Human Rights Watch Presentation to the United States Sentencing Commission on Proportionality and Federal Crack Sentences
(March 14, 2002) -- Human Rights Watch welcomes the decision of the United States Sentencing Commission to review once more the federal sentencing structure for cocaine offenses. The public health, social, and economic consequences of the use and sale of cocaine in any form, and crack cocaine in particular, warrant public concern. But they do not justify penal sanctions that are disproportionately harsh and racially discriminatory. They do not justify prison sentences that violate common sense, basic principles of criminal justice, and internationally affirmed human rights.
Race and Incarceration in the United States
(February 22, 2002) -- In this briefing, we present new figures documenting racial disparities state-by-state in the incarceration of African Americans and Latinos.1 We hope they will help state residents and public officials to understand their state-specific incarceration patterns and practices.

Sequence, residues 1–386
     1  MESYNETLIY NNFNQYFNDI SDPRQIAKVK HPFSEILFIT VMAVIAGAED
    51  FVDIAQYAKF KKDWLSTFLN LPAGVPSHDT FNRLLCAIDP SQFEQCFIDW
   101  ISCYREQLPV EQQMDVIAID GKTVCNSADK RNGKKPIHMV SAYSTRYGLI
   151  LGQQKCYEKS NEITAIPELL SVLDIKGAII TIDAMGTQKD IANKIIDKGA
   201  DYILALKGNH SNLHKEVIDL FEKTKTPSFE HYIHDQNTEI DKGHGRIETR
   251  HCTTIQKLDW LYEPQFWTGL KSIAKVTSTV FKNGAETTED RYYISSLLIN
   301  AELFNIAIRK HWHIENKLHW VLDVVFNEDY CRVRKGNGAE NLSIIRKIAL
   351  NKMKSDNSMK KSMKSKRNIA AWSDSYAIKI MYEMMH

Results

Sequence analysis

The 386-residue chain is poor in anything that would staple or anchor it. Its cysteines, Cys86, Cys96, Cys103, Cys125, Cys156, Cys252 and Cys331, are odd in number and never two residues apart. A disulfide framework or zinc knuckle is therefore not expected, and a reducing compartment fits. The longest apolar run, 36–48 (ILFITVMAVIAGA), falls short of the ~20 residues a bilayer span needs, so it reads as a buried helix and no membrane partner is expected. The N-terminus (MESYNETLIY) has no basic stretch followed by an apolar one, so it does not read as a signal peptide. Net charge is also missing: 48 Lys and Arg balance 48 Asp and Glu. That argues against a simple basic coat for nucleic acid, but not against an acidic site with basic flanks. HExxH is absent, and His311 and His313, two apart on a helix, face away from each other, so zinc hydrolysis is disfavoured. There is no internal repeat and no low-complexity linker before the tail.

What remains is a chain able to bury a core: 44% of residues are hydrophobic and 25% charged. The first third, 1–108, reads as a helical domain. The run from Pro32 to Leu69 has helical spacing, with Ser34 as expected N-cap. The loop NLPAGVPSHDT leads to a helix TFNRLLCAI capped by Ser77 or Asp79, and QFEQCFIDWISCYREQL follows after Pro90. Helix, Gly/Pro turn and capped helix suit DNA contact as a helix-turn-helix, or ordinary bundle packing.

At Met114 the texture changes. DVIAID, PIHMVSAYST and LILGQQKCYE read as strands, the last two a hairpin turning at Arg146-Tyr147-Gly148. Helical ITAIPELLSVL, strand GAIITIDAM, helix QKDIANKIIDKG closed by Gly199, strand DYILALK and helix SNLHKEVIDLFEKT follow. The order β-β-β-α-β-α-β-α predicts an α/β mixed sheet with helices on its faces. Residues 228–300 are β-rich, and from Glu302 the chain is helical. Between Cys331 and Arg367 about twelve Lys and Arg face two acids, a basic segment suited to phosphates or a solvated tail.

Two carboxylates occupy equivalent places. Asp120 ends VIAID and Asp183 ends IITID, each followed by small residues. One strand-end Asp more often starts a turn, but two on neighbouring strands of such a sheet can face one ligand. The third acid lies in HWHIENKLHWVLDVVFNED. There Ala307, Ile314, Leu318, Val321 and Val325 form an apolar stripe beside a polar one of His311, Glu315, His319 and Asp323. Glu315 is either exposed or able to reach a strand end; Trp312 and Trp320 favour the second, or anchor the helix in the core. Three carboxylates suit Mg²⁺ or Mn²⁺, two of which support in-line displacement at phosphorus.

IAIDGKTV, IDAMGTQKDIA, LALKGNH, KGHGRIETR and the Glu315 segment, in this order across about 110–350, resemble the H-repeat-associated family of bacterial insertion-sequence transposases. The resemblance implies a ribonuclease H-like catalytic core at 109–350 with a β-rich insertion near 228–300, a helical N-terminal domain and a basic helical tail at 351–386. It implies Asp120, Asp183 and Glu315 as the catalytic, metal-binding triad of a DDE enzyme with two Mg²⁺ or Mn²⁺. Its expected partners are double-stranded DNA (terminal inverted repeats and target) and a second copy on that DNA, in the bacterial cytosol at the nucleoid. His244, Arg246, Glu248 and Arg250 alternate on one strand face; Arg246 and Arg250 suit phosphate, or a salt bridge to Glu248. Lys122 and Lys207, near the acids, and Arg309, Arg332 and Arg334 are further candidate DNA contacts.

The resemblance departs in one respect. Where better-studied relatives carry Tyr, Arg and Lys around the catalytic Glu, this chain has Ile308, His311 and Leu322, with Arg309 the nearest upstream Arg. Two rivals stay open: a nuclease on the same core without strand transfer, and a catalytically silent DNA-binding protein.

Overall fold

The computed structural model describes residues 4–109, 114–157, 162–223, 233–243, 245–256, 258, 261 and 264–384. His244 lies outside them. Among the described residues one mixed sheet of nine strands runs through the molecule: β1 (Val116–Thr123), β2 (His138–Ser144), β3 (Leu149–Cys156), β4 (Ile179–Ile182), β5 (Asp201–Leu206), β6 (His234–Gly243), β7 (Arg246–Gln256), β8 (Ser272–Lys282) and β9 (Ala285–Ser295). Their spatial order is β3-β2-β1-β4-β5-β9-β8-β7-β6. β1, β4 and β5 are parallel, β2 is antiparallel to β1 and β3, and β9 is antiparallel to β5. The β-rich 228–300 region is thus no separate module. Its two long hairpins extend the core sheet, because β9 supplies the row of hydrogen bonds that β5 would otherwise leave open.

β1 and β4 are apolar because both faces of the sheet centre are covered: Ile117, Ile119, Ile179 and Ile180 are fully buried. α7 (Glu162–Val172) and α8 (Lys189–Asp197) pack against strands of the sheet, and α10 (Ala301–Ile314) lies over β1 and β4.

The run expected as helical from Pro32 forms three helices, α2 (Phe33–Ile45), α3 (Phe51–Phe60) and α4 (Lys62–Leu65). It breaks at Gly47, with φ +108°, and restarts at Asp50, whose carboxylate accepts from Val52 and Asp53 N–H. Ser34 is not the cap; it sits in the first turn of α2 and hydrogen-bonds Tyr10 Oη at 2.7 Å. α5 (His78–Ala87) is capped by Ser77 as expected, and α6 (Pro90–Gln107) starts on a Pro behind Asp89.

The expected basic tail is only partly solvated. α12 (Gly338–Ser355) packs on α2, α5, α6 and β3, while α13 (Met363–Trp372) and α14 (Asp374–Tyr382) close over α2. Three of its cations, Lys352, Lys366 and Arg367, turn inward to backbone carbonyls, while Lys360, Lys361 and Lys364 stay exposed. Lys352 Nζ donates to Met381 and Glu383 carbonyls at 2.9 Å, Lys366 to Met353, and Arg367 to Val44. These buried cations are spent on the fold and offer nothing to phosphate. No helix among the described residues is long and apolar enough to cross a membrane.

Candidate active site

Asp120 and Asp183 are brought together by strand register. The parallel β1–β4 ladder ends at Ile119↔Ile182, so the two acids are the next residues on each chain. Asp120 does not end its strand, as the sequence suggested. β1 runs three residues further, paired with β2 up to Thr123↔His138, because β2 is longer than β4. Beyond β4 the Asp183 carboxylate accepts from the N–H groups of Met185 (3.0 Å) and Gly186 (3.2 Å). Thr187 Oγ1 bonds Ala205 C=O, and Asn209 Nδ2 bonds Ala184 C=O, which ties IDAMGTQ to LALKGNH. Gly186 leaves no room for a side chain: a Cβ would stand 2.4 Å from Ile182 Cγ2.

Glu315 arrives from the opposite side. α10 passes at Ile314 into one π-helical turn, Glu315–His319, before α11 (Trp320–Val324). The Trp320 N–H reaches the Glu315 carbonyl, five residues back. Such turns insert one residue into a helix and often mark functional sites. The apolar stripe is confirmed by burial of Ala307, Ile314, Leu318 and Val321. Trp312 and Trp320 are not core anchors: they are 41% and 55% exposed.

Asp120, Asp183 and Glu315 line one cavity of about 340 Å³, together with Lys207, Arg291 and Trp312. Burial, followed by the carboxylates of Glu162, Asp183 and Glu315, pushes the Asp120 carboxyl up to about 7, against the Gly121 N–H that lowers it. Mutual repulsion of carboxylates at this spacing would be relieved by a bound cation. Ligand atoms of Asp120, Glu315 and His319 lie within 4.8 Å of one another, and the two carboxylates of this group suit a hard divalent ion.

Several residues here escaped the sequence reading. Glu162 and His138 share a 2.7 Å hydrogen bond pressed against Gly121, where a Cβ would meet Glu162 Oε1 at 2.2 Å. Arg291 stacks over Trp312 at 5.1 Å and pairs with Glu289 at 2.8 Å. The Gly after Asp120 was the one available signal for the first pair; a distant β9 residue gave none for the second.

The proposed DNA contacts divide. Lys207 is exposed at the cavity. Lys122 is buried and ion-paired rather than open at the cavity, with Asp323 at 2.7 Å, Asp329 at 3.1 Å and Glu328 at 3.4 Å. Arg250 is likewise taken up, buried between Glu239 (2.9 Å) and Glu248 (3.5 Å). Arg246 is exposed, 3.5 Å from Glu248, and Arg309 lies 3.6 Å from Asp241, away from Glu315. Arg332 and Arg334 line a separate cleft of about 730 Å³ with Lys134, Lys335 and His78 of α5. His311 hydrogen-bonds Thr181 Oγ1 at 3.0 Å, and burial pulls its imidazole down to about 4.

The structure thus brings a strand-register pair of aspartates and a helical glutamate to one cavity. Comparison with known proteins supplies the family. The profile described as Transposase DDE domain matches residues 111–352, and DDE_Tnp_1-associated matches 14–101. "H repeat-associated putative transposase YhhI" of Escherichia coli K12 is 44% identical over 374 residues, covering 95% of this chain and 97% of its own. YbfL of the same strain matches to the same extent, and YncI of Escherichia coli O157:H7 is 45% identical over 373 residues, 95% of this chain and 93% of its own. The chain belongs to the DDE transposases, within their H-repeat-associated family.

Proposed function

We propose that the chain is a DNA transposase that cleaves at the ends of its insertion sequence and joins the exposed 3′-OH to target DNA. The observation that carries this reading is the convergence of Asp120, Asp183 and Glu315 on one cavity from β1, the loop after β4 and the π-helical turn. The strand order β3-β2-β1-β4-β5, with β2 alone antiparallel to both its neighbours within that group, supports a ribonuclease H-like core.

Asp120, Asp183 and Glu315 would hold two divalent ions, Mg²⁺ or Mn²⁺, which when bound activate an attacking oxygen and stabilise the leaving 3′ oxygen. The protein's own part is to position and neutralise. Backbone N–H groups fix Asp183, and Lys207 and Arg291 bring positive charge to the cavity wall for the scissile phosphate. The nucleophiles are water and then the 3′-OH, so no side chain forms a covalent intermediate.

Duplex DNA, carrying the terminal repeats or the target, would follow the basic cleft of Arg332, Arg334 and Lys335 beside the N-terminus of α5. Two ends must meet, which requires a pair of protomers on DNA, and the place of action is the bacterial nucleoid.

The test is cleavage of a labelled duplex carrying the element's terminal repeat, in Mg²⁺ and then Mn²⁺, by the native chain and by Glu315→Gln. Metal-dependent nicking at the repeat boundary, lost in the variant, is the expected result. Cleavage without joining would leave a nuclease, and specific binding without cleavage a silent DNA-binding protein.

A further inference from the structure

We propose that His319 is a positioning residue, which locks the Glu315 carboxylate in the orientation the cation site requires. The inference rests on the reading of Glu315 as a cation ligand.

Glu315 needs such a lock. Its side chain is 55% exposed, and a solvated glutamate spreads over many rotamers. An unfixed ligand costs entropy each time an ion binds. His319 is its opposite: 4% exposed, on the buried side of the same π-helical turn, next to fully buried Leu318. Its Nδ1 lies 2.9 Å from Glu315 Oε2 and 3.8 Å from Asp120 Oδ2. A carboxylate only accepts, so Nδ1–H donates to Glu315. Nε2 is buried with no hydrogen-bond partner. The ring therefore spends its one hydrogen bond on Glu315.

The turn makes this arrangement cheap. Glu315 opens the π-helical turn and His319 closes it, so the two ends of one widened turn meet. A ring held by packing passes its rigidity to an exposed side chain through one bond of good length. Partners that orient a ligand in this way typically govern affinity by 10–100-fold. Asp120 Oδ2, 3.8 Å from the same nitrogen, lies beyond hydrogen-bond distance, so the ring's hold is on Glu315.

Background Paper on Geneva Conventions and Persons Held by U.S. Forces
(January 29, 2002) -- This background paper highlights the international law issues surrounding the status and treatment of Taliban and al-Qaeda fighters from Afghanistan in U.S. custody. It cites the need for a formal and individualized determination of prisoner of war status where that status is in doubt. This paper also sets out international law requirements governing prisoners of war and so-called "unlawful combatants," including humane treatment, interrogation and prosecution.
The Legal Prohibition Against Torture
(November 20, 2001) -- The U.S. government has admitted detaining some 1,100 people in the United States as part of its response to the attacks of September 11. The U.S. Department of Justice has refused to release the names of those detained, the locations where they are being held, any criminal or immigration charges filed or other basis for their detention, or the names of their attorneys.
Testimony on the Execution of Juvenile Offenders in Texas
(April 17, 2001) -- On behalf of Human Rights Watch, I urge the House Criminal Jurisprudence Committee to report favorably on H.B. 2048, which would raise the minimum age for capital punishment to eighteen. A majority of states have recognized that putting people to death for crimes they committed as children is contrary to our evolving standards of decency. Of the thirty-eight states that retain the death penalty, twenty-three permit its imposition on juvenile offenders.
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2001 2000 1999
Backgrounders By Region
Europe and Central Asia
Middle East and Northern Africa